Stephan Lewandowsky. And the winner is….. in 2014, cognitive scientists from University College London launched an international competition, with a $10,000 prize, to find the best way of tackling a challenge faced by millions every day, namely how best to acquire the vocabulary of a new language.
Prof David Shanks and Dr Rosalind Potts from UCL teamed up with Memrise (www.memrise.com) to run the competition. Memrise are the creators of a free online vocabulary learning tool and app, and so they obviously have a keen interest in understanding how to optimize learning. The $10,000 prize made this one of the richest—if not the richest—competition in applied psychology.
We have a century of research on memory and learning, and our knowledge base on memory is massive—the keyword “memory” returns about 135,000 articles in Web of Knowledge in psychology and allied disciplines. However, despite the plethora of research findings, it is not altogether clear how the various variables optimally go together—in other words, we know a lot about how to improve learning, for example by spacing the material, but we know less about how spacing can be combined with other techniques to optimize learning.
If you want to know how to maximize learning in a given time interval, you need to know how to combine the variables that facilitate learning. Because existing research provides very little guidance, and because there is a potentially huge number of recipes to combine known features in different ways, Shanks and colleagues thought that a competition with the explicit goal to maximize learning might be the best way forward.
The aim of the Memrise competition was to provide an empirical adjudication of the best way in which our knowledge of memory and learning can be put to work in a real-life task. Real-world learners were given one hour to memorize Lithuanian-English translations, and their retention was tested one week later.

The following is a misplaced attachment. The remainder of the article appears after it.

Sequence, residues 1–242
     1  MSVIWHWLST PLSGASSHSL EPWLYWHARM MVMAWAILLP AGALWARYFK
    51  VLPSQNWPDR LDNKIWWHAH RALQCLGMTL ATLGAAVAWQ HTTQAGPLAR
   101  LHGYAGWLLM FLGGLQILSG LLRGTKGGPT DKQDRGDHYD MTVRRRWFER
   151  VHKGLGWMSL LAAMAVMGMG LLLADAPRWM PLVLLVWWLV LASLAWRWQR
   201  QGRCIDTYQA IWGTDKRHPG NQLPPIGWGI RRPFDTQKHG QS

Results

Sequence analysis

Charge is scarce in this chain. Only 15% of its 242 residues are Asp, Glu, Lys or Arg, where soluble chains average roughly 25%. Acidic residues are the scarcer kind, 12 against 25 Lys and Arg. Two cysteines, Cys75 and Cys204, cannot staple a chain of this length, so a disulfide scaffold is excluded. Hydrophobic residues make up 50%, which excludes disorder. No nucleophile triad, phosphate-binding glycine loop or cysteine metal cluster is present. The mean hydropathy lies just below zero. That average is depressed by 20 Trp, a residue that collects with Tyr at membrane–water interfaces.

Here are David Shanks and Rosalind Potts explaining the basics of the challenge:
In a nutshell, the organizers of the competition provided a computerized baseline task against which competitors tested their own proposed method in their own laboratories or classrooms. Initially, 18 teams entered the competition.
The best-performing 5 teams proceeded to the next stage, during which their techniques were implemented in Memrise. The 5 finalists were then tested against each other in a massive online experiment, involving thousands of participants learning Lithuanian vocabulary, on the Memrise platform. Their recall of the words was tested after one week.
The winning learning method roughly doubled memory performance compared to the standard technique of repeated study!
And the winner is …. a team from the Donders Institute for Brain, Cognition, and Behaviour and the Behavioural Science Institute of Radboud University in the Netherlands. The project was led by Gesa van den Broek, a PhD candidate at Radboud University.
The winning entry was based on a computer program that made use of numerous variables to optimize learning. The program commenced by presenting an instruction video about mnemonic strategies. The video contained some very helpful and generally applicable hints—you can watch it here:
The video was followed by a sequence of learning trials that was governed by a sophisticated algorithm and involved several nifty techniques to enhance retention:
- An adaptive presentation schedule was used that incrementally added new words and distributed them across the 1-hour training session. The presentation schedule was sensitive to participant performance (participants who learned faster practiced more items) and item difficulty (difficult items were repeated more often). In a nutshell, the algorithm keeps track of the estimated memory strength of each item, based on its previous record during the session, and it presents words before their memory strength falls below a threshold. This automatically increases the spacing between repetitions over time and it creates more repetitions for difficult words than for easier words.